Relationships should be mostly peaceful affairs, with minimal strife.
And then there is the couple that has lots of loving and lots of major blow-out arguments. Make-up sex is just not enough of a reward for all the yelling and screaming. If you love your partner, still, it would be worth it to resolve at least one or two of the major conflicts before breaking up. If you cannot accomplish this, with or without therapy, this becomes a very difficult call. Some issues abate over time. If you can’t get past the big stuff or problems exacerbate, it’s a very troubling sign.
Long-distance romance is more of a long shot for aging explorers and participants.
Dating from afar is not as sexy as it was in our youth. If you want the “real thing” and start out unrealistically far apart geographically, make sure that if you do fall in love, one or the other person or both of you are willing to move to a new location, eventually.
The “Little Stuff” seems BIG!
You know “neatness” counts, but only for one of you. Perhaps one of you overcommunicates and the other is used to more independent planning. The truth is that in good relationships- little things usually get worked out so that “little” becomes laughable rather than threatening or terminal.
Trust is an elixir to strong relationships.
If right, it is like compound interest and builds on itself. Effort and intention when it comes to being physically or mentally there for the other person goes a long way, but positive action and change will go that much further. Transgressions eat away at trust and weigh the relationship down.
This isn’t your grandfather’s “political climate”.
Not a lot of Carville-Matlin or Conway’s happy love stories are out there. In a lot of ways, Politics is the new Religion, in that being of a different party today means life philosophy, decisions, and practice are diametrically opposed and highly combustible. Political Preference would not have been in my Top 50 criteria when I was under forty. But the times are just so different, I don’t see why Left working with way Right.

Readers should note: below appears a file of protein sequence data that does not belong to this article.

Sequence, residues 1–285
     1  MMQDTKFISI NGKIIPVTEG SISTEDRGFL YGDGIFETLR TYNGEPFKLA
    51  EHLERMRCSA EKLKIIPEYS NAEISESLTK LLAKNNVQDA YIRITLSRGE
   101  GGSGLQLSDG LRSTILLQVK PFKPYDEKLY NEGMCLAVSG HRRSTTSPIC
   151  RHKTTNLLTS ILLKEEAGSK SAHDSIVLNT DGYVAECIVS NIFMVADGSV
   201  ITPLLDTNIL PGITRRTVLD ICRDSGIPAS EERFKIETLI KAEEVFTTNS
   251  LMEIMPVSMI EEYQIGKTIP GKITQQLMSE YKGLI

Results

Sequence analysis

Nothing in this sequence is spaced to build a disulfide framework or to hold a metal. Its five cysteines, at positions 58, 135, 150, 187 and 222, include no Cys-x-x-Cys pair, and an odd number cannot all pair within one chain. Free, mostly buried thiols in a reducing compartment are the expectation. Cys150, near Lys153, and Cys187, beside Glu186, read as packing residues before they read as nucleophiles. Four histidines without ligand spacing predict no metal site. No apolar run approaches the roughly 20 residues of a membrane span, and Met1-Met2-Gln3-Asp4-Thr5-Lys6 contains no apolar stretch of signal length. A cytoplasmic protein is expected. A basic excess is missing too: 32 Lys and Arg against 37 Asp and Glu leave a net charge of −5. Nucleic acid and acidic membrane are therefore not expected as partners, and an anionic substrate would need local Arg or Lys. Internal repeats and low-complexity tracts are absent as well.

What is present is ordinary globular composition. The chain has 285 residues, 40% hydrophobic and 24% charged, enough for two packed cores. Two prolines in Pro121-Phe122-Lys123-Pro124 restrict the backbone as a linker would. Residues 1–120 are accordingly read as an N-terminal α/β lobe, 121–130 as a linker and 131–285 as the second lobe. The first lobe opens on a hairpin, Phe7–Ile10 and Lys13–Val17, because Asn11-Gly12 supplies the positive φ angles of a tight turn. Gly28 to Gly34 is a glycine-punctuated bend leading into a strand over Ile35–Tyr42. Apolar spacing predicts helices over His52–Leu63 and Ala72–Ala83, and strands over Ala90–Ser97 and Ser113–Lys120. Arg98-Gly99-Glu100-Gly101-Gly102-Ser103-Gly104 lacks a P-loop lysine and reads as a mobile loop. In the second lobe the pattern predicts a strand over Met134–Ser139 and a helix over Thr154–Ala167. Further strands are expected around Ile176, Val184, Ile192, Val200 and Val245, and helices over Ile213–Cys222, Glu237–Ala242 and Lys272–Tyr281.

The Bottom Line
My contention and observation are that Daters, at the outset of a relationship, are so happy to find a partner, that they rationalize away Highly flammable stuff, including most of the above.
The standard “Love Advisory” is simply to proceed with caution. I don’t provide “standard” advice in this column. You should get excited when you meet someone you are attracted to and stop seeing other people until you have a good grasp of all of these things. In fact, if you are not excited and at least a little ahead of yourself, you are probably just wasting your time. You don’t usually need to get married or move in/move out together- so slowing down in that regard makes sense.
I bought into the “Game, Set, Match” idea early on in my relationship, and that feeling helped me get through our challenges and disagreements. Without it, I’d be back online. With it, I am poised and excited for a positive, however imperfect, future.
About the Author: Michael “The Onion Peeler” Lubell
Following an NYU MBA, and Northwestern BA, a modest business career with practically record-setting job changes, Michael left the world of sales and marketing for the freelance creative side to write in 2018. No longer beholden to the whims and politics of the corporate world, he found solace and satisfaction writing for Next Avenue, Forbes, CyberParent, and other publications on subjects as diverse as Zoom Reunions, Bi-polarized Friendships, “Gigging”, and Hiring Prejudice and Obstacles.
He also works on B2B and B2C ad copy while working on his book chronicling his experiences pursuing his Dream Job as a Writer.